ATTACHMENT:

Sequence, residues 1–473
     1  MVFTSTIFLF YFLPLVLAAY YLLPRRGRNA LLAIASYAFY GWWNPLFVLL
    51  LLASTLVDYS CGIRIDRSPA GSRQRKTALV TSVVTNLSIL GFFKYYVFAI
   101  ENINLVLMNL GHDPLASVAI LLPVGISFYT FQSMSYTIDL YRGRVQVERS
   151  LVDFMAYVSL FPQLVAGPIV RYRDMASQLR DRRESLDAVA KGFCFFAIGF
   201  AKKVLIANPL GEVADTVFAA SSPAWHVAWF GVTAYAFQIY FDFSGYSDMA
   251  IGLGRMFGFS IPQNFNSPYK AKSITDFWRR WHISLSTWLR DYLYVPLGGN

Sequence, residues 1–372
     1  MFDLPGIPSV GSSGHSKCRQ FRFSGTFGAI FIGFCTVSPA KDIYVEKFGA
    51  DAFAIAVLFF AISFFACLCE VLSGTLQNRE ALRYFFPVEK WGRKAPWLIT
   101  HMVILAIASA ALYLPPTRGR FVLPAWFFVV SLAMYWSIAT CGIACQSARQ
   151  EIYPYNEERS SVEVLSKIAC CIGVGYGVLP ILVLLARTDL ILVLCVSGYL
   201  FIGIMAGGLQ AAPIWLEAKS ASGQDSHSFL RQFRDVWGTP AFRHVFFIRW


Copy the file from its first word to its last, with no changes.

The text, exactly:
Sequence, residues 1–473
     1  MVFTSTIFLF YFLPLVLAAY YLLPRRGRNA LLAIASYAFY GWWNPLFVLL
    51  LLASTLVDYS CGIRIDRSPA GSRQRKTALV TSVVTNLSIL GFFKYYVFAI
   101  ENINLVLMNL GHDPLASVAI LLPVGISFYT FQSMSYTIDL YRGRVQVERS
   151  LVDFMAYVSL FPQLVAGPIV RYRDMASQLR DRRESLDAVA KGFCFFAIGF
   201  AKKVLIANPL GEVADTVFAA SSPAWHVAWF GVTAYAFQIY FDFSGYSDMA
   251  IGLGRMFGFS IPQNFNSPYK AKSITDFWRR WHISLSTWLR DYLYVPLGGN

Sequence, residues 1–372
     1  MFDLPGIPSV GSSGHSKCRQ FRFSGTFGAI FIGFCTVSPA KDIYVEKFGA
    51  DAFAIAVLFF AISFFACLCE VLSGTLQNRE ALRYFFPVEK WGRKAPWLIT
   101  HMVILAIASA ALYLPPTRGR FVLPAWFFVV SLAMYWSIAT CGIACQSARQ
   151  EIYPYNEERS SVEVLSKIAC CIGVGYGVLP ILVLLARTDL ILVLCVSGYL
   201  FIGIMAGGLQ AAPIWLEAKS ASGQDSHSFL RQFRDVWGTP AFRHVFFIRW